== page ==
Sep 14 2006
next sibling parent "Craig Black" <cblack ara.com> writes:
"Pragma" <ericanderton yahoo.removeme.com> wrote in message 
news:eeclc4$2206$1 digitaldaemon.com...
 Craig Black wrote:
 Since DDL provides run-time reflection, and is finally ready to use, I 
 thought it would be a good time to share my idea to improve performance 
 when accessing metadata.

Technically DDL does, although I'm hesitant to call it that since it doesn't have all the typical reflection bells-and-whistles yet.

All in due time I'm sure. At this point, I'd be happy with just the basics.
 The only reason why I'd consider full-on reflection for D a bad move is 
 that it'll bloat program sizes considerably.  This is kind of contrary to 
 D's goal as a systems programming language.  Taking into consideration the 
 sheer size of your average .map file is a good indicator of just how bad 
 things can get.

 So I'd caution the addition of adding such a suite to D as something 
 optional if at all possible.  Even something minimalisitc would work - 
 like the inclusion of just a hashtable of all the program's symbols 
 (metadata as Craig put it above) that is *optionally* compiled in.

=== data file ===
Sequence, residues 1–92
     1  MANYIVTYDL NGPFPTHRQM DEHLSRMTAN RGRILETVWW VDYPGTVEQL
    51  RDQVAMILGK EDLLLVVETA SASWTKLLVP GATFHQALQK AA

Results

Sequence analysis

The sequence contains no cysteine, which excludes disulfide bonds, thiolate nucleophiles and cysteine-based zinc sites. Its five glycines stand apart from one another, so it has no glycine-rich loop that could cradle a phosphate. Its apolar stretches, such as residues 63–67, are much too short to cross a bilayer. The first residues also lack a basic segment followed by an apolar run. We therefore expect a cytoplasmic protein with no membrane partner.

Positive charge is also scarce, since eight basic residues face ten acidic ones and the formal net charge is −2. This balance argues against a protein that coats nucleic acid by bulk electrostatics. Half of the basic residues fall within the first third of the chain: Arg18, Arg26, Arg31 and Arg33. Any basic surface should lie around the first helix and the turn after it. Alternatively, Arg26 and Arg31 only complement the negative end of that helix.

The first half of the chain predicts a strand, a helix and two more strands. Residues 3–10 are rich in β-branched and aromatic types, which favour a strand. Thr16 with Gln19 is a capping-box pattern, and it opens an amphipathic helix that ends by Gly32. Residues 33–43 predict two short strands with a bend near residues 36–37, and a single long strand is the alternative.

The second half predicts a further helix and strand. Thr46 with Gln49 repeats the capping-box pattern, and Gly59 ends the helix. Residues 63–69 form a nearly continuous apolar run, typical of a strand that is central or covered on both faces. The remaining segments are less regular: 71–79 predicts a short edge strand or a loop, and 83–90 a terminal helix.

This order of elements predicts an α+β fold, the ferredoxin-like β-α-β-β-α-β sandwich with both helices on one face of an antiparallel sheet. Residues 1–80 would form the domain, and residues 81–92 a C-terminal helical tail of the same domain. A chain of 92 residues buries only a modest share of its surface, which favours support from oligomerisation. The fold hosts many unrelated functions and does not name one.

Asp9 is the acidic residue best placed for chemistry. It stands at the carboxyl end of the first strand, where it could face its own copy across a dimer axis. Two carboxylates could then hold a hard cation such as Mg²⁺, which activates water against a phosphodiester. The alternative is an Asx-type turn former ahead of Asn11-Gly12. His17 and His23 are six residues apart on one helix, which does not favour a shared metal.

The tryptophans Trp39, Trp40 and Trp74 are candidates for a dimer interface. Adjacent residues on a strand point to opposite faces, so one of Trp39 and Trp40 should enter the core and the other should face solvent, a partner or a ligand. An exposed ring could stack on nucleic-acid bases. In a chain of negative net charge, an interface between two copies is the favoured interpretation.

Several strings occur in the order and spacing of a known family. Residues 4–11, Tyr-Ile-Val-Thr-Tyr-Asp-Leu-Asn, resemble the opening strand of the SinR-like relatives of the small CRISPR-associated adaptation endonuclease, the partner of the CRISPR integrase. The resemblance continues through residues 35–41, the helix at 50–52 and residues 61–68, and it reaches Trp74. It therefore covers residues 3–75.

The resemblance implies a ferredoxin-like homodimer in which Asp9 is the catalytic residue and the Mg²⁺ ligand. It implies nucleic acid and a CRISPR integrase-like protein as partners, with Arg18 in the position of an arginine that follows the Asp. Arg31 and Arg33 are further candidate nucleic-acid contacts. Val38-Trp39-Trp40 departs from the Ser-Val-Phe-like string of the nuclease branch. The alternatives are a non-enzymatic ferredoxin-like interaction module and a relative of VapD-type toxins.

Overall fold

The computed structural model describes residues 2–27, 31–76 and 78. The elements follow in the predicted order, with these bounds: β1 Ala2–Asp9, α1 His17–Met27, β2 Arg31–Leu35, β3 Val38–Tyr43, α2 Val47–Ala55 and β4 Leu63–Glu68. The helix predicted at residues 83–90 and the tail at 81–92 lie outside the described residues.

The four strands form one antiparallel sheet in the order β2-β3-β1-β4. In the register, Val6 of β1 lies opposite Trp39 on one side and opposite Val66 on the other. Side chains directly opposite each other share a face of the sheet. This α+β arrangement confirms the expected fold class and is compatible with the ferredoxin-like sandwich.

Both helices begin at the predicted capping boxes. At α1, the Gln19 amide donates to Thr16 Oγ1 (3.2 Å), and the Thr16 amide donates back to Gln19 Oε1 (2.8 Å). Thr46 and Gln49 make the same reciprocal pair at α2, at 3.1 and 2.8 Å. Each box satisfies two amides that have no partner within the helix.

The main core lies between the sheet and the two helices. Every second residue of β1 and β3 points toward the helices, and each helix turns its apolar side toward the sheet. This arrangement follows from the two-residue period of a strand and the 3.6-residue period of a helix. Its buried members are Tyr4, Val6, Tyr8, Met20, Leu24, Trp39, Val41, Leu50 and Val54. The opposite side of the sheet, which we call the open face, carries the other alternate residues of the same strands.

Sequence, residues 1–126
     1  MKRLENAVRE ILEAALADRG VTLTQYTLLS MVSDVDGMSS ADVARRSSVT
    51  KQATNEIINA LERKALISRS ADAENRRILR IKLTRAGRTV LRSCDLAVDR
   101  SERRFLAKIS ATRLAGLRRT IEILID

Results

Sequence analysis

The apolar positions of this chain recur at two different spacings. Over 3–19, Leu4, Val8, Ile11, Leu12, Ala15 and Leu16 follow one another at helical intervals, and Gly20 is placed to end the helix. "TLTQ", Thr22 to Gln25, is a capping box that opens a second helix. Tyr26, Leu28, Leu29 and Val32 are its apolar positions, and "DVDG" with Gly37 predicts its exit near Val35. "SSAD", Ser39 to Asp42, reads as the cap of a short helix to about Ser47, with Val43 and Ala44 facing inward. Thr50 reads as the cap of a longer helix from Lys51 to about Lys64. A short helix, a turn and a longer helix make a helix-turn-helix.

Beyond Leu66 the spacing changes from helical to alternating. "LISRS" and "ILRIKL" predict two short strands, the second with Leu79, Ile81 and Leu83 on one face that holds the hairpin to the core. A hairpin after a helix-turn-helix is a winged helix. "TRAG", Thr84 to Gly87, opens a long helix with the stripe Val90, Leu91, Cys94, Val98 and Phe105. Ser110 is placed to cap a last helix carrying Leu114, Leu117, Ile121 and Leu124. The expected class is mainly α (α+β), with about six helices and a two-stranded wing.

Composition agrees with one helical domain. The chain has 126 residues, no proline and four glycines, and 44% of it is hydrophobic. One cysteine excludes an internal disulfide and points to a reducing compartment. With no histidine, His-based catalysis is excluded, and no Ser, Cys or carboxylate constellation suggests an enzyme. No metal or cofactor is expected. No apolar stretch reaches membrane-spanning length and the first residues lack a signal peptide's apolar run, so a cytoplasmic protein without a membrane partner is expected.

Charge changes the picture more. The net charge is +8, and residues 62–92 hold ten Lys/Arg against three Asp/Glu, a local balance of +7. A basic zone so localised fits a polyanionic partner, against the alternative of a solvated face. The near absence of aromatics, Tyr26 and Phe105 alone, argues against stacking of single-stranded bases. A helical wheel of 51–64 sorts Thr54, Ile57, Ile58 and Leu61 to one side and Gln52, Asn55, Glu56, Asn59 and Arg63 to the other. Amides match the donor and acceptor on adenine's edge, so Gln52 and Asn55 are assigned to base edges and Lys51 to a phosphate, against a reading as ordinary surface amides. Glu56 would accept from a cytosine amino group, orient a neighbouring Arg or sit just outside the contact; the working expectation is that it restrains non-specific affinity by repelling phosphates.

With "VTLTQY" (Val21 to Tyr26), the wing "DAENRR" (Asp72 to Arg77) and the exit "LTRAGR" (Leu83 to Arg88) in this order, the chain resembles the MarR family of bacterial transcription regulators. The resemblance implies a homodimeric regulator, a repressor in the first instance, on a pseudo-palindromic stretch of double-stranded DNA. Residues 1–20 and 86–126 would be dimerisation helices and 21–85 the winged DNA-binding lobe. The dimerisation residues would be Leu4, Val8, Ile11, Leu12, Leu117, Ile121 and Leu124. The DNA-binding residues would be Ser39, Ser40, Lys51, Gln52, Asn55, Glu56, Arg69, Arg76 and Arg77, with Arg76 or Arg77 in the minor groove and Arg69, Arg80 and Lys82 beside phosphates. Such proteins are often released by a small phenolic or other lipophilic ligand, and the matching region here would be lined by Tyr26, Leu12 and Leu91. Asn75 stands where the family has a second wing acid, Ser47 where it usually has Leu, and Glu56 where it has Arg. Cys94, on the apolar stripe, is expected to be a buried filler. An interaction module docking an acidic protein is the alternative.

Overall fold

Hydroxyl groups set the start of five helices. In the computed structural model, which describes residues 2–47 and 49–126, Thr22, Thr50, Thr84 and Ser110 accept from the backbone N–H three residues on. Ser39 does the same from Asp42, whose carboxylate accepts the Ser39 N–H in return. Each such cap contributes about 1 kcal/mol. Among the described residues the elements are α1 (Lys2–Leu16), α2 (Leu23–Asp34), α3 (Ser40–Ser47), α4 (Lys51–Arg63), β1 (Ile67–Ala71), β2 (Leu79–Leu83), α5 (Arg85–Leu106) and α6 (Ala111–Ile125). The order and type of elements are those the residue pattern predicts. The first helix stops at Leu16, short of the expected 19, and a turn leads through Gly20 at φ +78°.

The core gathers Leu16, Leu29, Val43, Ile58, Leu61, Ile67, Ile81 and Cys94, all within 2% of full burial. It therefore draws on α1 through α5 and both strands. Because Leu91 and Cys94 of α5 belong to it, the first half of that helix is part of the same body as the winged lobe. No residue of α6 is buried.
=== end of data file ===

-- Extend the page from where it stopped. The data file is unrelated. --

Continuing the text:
Yes, optional of coarse. DDL is a library, not a part of the D compiler. However, an extra reference per TypeInfo instance shouldn't hurt too bad. If not using reflection, the reference would simply be null.
 Otherwise, we're stuck with .map/.situ support under DDL - i.e. using your 
 .map file as a runtime dependency for the program.  While this works well, 
 and is such a dead-simple way of addressing the problem, it's also easy to 
 get out of sync IMO.

 [PSA]

 Craig, if you're at all interested in hammering out a reflection interface 
 (for DDL?), the DDL Community wiki there is open for your, and everyone 
 else's abuse.

I appreciate the offer very much. However, at the moment I am very busy building the next version of our software, which is written in C++. I'm waiting on D to become mature enough so that I can pitch it to my boss as something we cannot live without. The first time I mentioned D to him as a useful technology, he asked if it provided reflection, a feature that would be very useful for our product. I had to admit that it does not provide reflection yet. It's a hard sale for a number of technical reasons. I could elaborate, but probably nobody cares all that much. Anyway, perhaps I will take you up on that offer when I have more time. -Craig
Sep 15 2006
prev sibling next sibling parent Bruno Medeiros <brunodomedeiros+spam com.gmail> writes:
Pragma wrote:
 Craig Black wrote:
 Since DDL provides run-time reflection, and is finally ready to use, I 
 thought it would be a good time to share my idea to improve 
 performance when accessing metadata.

Technically DDL does, although I'm hesitant to call it that since it doesn't have all the typical reflection bells-and-whistles yet.